So it was with some trepidation that I awaited my first meeting with Reid as Pelosi’s chief of staff in 2005. I had had no contact with Reid in the ensuing decade and a half, during which time he had risen to the role of Senate Democratic Leader. I was looking forward to a good working collaboration, but lingering in the back of my head was our last conversation over the grazing fee dispute. As Reid walked into Pelosi’s office and shook hands with her, she motioned over to me and said, “Harry, I want you to meet…” Reid interrupted her to say, “Well, hello Dr. Lawrence, we haven’t seen each other since the grazing fee discussion.” My heart sunk as we shook hands, but it was the last time Reid ever mentioned the dispute. Instead, we had a fruitful and cordial working relationship and when we had a spare moment over the next 5 or 6 years, we would occasionally talk about the role of the Wobblies in the Nevada mining wars of the 1890s.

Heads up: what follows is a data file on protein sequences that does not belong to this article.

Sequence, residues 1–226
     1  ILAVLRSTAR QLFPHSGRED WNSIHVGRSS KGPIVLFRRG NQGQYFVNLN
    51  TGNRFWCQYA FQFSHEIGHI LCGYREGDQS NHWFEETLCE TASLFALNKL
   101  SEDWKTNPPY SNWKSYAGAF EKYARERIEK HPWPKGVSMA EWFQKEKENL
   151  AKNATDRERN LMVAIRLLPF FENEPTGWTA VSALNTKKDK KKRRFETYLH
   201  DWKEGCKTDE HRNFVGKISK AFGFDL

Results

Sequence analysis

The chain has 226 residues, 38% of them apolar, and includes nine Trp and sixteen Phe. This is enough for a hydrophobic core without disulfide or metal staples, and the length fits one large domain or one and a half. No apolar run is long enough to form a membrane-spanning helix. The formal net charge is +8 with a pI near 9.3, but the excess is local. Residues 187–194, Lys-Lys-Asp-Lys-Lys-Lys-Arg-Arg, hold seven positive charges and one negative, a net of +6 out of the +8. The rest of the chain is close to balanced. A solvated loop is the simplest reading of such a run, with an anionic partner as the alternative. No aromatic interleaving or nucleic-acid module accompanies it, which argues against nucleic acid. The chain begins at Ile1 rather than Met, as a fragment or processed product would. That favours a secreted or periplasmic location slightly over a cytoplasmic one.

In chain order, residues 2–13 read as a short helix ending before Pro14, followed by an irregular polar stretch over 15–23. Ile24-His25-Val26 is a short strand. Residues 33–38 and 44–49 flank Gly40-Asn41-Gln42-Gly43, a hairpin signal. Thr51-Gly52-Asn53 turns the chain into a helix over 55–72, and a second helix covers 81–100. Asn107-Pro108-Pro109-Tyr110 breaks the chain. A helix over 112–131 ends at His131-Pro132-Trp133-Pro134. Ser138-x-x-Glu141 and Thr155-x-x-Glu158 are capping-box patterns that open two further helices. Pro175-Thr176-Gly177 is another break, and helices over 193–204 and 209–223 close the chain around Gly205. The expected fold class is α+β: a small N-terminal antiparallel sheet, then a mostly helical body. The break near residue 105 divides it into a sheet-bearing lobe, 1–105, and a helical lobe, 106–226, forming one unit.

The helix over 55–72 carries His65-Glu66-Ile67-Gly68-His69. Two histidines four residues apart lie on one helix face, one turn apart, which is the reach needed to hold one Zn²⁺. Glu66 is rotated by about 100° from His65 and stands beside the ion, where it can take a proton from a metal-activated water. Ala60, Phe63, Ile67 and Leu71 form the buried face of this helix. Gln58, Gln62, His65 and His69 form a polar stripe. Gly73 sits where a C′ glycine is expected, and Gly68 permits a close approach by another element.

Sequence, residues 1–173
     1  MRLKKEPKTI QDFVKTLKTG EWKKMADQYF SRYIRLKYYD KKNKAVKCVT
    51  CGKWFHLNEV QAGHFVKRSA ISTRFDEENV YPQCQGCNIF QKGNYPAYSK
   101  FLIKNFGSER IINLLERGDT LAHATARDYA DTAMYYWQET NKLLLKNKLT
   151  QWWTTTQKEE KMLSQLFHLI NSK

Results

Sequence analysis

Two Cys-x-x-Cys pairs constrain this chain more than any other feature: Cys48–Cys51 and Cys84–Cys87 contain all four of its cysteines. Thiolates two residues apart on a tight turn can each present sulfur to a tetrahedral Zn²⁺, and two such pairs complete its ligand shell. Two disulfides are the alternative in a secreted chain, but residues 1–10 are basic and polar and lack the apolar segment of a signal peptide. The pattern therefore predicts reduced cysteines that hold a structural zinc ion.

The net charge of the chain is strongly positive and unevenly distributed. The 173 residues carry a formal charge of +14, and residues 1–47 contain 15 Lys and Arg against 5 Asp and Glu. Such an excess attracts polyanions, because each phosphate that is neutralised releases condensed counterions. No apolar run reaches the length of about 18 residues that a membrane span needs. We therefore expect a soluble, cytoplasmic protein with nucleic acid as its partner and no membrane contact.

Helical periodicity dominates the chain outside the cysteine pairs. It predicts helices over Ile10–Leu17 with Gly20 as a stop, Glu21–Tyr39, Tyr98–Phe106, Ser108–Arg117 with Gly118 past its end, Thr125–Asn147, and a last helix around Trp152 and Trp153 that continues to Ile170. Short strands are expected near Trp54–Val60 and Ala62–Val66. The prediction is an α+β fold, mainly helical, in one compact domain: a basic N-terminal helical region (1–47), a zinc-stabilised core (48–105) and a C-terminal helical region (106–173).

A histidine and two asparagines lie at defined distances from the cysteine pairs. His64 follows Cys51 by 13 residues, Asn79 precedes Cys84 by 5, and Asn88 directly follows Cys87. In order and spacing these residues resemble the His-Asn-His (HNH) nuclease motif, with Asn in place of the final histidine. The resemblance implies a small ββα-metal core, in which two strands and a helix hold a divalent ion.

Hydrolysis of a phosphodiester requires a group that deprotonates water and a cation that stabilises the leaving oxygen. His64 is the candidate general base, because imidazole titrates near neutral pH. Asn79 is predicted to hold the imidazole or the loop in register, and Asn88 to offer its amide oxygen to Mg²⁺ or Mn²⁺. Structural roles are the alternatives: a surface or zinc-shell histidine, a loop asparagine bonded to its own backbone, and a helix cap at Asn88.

Postscript: Reid’s departure likely means as contest for his leadership position between New York Sen. Charles Schumer and Sen. Dick Durbin of Illinois. (Reid has endorsed Schumer.) The two aspirants have spent decades together both in the Senate and in the House of Representatives and as lodgers in a D Street SE house owned by mutual friend, recently retired Rep. George Miller.


A Strategic Step Towards Reconciliation